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Appendix A Architecture of the Wydawca

This appendix outlines the structure of the program. It serves as a short reminder for debugging the program.

A running wydawca process consists of at least four threads. Each upload is processed by its dedicated thread. Additional threads can be strarted to perform some specific tasks.

If the operating system permits, each thread is assigned a name. Apart from the main thread, names of each thread begin with uppercase letters WY plus underscore.

On a GNU/Linux system the name of a thread can be read from /proc/pid/task/tid/comm, where pid is the PID of the wydawca process and tid is the thread identifier.

The following table describes each thread:


The main thread. It starts all other threads and waits for signals. When it exits, all other threads are terminated as well.


The workhorse of the project. Listens on inotify descriptor and TCP socket for incoming notification events. This thread keeps a table of uploaded files, which is updated each time an inotify event is reported. Uploaded files are verified and ordered into triplets. Once a triplet is completed, a separate ‘WY_triplet’ thread is started in order to process it.

If an incoming connection appears on upload notification socket (see upload notification), a ‘WY_tcpmux’ thread is started to handle it.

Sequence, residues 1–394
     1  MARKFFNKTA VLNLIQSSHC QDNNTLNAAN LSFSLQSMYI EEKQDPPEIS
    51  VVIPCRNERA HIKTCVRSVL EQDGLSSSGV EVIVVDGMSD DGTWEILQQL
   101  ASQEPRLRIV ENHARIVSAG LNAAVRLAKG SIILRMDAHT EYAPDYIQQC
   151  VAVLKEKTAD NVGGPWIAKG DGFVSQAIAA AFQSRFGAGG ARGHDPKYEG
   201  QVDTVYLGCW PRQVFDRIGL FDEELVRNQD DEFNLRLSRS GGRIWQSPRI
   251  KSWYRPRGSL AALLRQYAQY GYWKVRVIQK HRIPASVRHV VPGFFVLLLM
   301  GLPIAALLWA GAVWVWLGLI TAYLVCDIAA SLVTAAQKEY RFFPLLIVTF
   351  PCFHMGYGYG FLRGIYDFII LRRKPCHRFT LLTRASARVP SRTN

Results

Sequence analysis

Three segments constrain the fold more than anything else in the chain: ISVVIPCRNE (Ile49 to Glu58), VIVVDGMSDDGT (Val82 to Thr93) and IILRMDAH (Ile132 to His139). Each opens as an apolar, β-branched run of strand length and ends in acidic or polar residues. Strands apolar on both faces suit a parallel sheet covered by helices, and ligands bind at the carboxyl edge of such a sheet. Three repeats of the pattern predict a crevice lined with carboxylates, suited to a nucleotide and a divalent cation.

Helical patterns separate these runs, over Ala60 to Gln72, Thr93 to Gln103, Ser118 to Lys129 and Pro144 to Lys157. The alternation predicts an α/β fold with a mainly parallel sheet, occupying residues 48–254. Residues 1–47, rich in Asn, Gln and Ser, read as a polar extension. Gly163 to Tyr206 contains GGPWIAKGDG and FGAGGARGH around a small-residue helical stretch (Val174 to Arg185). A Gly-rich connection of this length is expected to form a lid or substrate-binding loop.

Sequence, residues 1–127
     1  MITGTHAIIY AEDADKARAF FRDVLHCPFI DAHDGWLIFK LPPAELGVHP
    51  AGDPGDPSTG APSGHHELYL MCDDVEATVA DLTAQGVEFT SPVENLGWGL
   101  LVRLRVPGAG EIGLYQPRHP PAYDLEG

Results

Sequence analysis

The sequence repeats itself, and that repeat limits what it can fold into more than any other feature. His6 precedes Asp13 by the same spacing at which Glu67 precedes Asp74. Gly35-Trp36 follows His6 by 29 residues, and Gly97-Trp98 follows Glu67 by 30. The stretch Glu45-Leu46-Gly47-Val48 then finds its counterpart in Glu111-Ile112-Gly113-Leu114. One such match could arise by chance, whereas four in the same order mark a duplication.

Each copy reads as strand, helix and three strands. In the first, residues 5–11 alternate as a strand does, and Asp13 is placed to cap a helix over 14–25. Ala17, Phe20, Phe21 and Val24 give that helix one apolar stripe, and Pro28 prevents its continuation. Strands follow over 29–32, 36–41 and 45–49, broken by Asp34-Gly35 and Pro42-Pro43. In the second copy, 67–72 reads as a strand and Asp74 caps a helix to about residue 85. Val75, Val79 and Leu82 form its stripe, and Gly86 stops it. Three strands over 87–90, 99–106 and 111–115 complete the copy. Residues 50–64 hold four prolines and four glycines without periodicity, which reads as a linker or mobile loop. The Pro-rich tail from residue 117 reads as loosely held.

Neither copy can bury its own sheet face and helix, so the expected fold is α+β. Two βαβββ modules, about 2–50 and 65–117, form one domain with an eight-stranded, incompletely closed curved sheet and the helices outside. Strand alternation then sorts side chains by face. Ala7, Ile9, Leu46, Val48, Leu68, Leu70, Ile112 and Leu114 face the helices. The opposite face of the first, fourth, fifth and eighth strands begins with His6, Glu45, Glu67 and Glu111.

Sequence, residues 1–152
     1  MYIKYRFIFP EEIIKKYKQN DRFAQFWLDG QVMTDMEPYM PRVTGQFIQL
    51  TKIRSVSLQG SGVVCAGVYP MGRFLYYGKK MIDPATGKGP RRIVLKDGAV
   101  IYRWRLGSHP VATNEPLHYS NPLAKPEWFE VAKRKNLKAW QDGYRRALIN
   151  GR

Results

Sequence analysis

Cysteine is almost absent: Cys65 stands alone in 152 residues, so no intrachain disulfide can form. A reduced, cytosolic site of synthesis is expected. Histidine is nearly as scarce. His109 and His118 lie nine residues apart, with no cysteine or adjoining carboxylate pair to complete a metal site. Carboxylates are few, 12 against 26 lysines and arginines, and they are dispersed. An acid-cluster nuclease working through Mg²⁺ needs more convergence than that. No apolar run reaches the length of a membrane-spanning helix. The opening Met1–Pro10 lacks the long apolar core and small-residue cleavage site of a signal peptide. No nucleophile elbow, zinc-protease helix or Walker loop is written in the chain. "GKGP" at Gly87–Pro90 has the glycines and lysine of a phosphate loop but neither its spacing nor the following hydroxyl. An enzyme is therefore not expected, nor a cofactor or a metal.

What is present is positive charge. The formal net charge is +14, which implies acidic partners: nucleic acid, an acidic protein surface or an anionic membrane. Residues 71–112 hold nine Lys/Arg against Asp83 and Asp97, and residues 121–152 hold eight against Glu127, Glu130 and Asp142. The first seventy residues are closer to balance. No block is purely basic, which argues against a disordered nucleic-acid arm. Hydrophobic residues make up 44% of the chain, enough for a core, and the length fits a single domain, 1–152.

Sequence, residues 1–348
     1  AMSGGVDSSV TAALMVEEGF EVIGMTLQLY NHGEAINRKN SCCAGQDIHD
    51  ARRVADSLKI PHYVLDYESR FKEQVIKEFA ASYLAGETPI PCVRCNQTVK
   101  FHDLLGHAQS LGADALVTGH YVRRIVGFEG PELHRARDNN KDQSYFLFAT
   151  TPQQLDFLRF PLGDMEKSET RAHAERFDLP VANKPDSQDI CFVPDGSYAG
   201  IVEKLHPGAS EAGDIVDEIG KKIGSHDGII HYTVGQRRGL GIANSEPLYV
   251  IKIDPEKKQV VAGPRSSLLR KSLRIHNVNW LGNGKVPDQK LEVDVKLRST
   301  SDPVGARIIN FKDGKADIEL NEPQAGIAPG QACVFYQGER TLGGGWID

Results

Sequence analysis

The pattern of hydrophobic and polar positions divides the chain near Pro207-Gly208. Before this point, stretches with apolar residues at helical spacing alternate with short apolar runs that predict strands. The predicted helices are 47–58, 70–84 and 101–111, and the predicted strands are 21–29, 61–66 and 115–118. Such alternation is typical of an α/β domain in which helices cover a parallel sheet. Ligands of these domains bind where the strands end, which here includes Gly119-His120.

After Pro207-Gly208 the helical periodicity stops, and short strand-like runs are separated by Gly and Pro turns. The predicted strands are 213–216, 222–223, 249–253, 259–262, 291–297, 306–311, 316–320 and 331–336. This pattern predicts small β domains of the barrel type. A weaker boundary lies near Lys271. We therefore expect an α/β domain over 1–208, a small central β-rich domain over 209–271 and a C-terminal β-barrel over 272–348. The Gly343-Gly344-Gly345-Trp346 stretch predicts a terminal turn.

Keeps track of registered triplets and removes expired ones.


This thread is responsible for statistic logging and notification.


This thread is started by if the legacy upload notification is enabled (see listen). It enforces idle timeout for all started upload notification threads (‘WY_tcpmux’ instances).


Serves a particular notification upload connection. The number of threads of this type is limited by the max-connections configuration file statement (see max-connections).


Processes a triplet. A separate thread of this type is started by ‘WY_listener’ for each valid triplet it detects.

Event timestamps in WY_stat

On GNU/Linux systems the events generated by the ‘WY_stat’ thread may appear to happen one second prior to their scheduled time. This happens if the software reporting the events uses time(2) instead of gettimeofday(2) for time reporting. The internal timekeeping mechanism of the linux kernel is designed so that the number of seconds returned by time may be one less than the tv_sec value after return from gettimeofday, if the two functions would be called the same instant10.

The two known cases are the legacy syslogd used by default on Slackware systems, and the Sendmail MTA.

Since the results returned by gettimeofday are more accurate, it was decided to leave this feature as it is, instead of installing workarounds of dubious nature just to satisfy older software.



See https://stackoverflow.com/questions/22917318/time-and-gettimeofday-return-different-seconds, for details

Wydawca (split by chapter):   Section:   Chapter:FastBack: Architecture   Up: Architecture   FastForward: Copying This Manual   Contents: Table of ContentsIndex: Concept Index